FHWA’s Bicycle Signal Interim Approval: What It Means for Practitioners

Yesterday the Federal Highway Administration published its December 24, 2013 Interim Approval (IA-16) for the use of bicycle signal faces. This development, which happened in large part due to significant efforts by the National Association of City Transportation Officials (NACTO) and the National Committee on Uniform Traffic Control Devices (NCUTCD), provides an important new tool for transportation planners and engineers to provide better bicycle facilities.

Bicycle signals have been used in Europe for many years. They provide guidance for bicyclists in many circumstances where general traffic signals or pedestrian signals might create confusion or result in conflicting crossing movements. This is especially apparent in circumstances such as cycle tracks, where motor vehicle traffic turning from the street parallel to the cycle track might conflict with bicycles. The tool is also useful where trails cross streets, as it may not be clear whether a pedestrian signal applies to bicyclists. Furthermore, bicyclists generally need far shorter clearance times to cross streets, so activating a bicycle signal (preferably with passive detection rather than a pushbutton) may reduce delays to motorists in certain circumstances.

What does the new Interim Approval mean for practitioners? Well, the NACTO Urban Bikeway Design Guide already provides recommendations for installation of bicycle signals and detection. The Interim Approval now allows jurisdictions to use bicycle signals on projects receiving Federal funds or requiring FHWA approval, without the need for time-consuming experimentation procedures.

However, there are some important distinctions between the FHWA Interim Approval and the NACTO Guide. First, IA-16 requires the use of a Bicycle SIGNAL (R10-10b) sign adjacent to all bicycle signal heads. This is a suggestion in the NACTO Guide. This makes sense in situations where parallel motor vehicle traffic may have a clear view of the bicycle signal, but is unnecessarily restrictive where driver confusion is not likely. Moreover, bicycle signals are expressly prohibited at pedestrian hybrid beacon, a location where they could play an important role. Bicyclists can cross at PHBs much faster than pedestrians, so bicycle signals combined with bicycle-specific detection could result in more efficient operation for all modes. This exclusion is disappointing, and hopefully additional research will result in approval for bicycle signals at PHBs as well.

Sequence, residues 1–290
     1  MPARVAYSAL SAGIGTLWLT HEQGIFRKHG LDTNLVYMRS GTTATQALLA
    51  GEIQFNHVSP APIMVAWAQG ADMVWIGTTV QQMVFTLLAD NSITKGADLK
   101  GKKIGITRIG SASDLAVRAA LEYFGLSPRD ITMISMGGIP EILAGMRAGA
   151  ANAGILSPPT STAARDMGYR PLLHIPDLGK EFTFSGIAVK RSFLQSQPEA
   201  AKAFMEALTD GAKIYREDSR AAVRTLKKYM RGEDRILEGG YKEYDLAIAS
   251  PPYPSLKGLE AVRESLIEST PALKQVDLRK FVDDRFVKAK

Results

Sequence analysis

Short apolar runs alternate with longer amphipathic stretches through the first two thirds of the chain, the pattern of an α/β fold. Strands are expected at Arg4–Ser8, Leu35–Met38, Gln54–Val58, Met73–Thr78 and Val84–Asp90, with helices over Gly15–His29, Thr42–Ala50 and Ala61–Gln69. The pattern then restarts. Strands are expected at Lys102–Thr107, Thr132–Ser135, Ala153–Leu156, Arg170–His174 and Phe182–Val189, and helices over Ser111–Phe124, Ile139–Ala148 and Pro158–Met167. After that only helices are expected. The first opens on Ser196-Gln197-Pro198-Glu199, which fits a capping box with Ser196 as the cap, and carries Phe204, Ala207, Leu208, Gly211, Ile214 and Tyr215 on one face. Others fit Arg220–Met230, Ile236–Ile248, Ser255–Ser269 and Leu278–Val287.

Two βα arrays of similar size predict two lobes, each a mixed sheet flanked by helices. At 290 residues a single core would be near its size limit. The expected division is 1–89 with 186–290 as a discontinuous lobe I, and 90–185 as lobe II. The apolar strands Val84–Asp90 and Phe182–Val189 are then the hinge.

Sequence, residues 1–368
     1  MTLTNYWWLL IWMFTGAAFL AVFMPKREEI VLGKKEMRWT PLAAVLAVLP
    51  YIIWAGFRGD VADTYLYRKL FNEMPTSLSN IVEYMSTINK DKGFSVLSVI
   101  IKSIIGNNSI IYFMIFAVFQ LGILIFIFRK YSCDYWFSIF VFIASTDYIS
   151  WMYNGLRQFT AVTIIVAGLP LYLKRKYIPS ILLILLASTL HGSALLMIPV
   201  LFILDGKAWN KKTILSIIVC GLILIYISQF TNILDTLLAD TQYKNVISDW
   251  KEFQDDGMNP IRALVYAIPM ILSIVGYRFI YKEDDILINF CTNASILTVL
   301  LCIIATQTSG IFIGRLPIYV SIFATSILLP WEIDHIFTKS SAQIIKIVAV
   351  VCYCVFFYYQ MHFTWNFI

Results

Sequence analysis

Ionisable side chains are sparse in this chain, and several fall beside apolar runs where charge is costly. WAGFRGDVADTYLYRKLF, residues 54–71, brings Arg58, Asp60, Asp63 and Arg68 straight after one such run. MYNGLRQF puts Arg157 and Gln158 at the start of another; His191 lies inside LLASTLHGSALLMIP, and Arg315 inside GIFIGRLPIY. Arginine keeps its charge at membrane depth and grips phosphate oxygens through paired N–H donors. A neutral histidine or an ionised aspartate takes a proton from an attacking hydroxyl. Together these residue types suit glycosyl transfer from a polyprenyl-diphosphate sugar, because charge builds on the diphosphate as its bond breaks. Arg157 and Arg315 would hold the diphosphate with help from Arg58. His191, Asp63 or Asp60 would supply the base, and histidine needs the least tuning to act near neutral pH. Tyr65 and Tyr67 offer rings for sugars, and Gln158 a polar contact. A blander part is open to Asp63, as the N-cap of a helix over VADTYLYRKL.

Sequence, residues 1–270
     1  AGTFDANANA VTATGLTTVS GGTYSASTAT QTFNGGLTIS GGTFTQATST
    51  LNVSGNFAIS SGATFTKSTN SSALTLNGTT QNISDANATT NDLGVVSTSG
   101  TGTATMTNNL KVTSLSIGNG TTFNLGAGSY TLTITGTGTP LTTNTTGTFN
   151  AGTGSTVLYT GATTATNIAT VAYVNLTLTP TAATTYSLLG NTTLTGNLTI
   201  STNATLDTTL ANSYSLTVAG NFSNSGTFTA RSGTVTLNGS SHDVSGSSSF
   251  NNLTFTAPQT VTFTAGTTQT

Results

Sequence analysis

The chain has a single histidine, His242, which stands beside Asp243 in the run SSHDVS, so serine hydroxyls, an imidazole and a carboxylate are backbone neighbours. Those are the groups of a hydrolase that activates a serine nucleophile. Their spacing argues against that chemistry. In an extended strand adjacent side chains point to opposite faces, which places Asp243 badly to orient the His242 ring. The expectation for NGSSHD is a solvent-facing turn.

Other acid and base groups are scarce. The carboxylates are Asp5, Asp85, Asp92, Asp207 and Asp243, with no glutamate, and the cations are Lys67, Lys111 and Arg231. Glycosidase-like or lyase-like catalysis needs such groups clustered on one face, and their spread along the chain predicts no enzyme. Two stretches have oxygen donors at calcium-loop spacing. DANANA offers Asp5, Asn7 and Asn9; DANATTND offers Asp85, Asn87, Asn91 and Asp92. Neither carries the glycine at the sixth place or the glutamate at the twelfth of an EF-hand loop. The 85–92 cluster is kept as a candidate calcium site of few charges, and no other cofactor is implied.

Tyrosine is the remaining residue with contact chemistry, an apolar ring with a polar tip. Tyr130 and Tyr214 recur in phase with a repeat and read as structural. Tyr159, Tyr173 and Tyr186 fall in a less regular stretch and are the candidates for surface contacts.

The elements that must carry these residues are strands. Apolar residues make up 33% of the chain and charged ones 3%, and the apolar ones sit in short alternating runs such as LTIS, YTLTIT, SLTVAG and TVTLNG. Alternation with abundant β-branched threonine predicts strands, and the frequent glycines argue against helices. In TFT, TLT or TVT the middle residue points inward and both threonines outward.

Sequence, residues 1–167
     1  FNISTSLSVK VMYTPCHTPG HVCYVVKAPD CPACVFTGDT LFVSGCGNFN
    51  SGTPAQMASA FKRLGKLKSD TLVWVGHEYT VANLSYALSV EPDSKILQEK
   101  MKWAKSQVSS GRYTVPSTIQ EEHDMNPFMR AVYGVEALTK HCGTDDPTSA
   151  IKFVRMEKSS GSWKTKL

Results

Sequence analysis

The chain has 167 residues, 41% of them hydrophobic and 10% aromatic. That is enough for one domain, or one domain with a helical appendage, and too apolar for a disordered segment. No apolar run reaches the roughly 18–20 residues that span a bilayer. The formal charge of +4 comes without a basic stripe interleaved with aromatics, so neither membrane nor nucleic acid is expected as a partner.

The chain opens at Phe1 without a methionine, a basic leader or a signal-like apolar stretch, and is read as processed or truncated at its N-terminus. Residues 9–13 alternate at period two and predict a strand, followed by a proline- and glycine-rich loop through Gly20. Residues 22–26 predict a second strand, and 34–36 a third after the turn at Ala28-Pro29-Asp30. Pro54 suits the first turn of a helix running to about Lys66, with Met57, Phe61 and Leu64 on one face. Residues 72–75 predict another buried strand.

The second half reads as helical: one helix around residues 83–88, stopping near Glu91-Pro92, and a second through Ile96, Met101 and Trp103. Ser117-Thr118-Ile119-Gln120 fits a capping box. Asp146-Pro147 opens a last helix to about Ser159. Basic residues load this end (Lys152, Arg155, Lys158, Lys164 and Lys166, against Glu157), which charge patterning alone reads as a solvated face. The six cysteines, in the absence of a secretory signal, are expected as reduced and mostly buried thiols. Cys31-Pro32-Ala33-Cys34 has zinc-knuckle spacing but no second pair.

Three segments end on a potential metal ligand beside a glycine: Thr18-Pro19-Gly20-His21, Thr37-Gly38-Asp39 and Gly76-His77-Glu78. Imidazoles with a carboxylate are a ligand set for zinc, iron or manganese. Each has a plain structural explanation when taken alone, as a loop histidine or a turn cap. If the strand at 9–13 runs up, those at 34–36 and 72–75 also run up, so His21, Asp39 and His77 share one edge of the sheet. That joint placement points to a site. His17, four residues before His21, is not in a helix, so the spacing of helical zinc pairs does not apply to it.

It will be interesting to see how the Interim Approval will affect the pace at which jurisdictions install bicycle signals. Do you have experience with the efficiency and safety of bicycle signals, either as a designer or as a cyclist? If so, let us know in the comments!

[Photo source: City of Alexandria, VA. This bicycle signal, on the Mt. Vernon Trail, was installed under FHWA experimental approval.]

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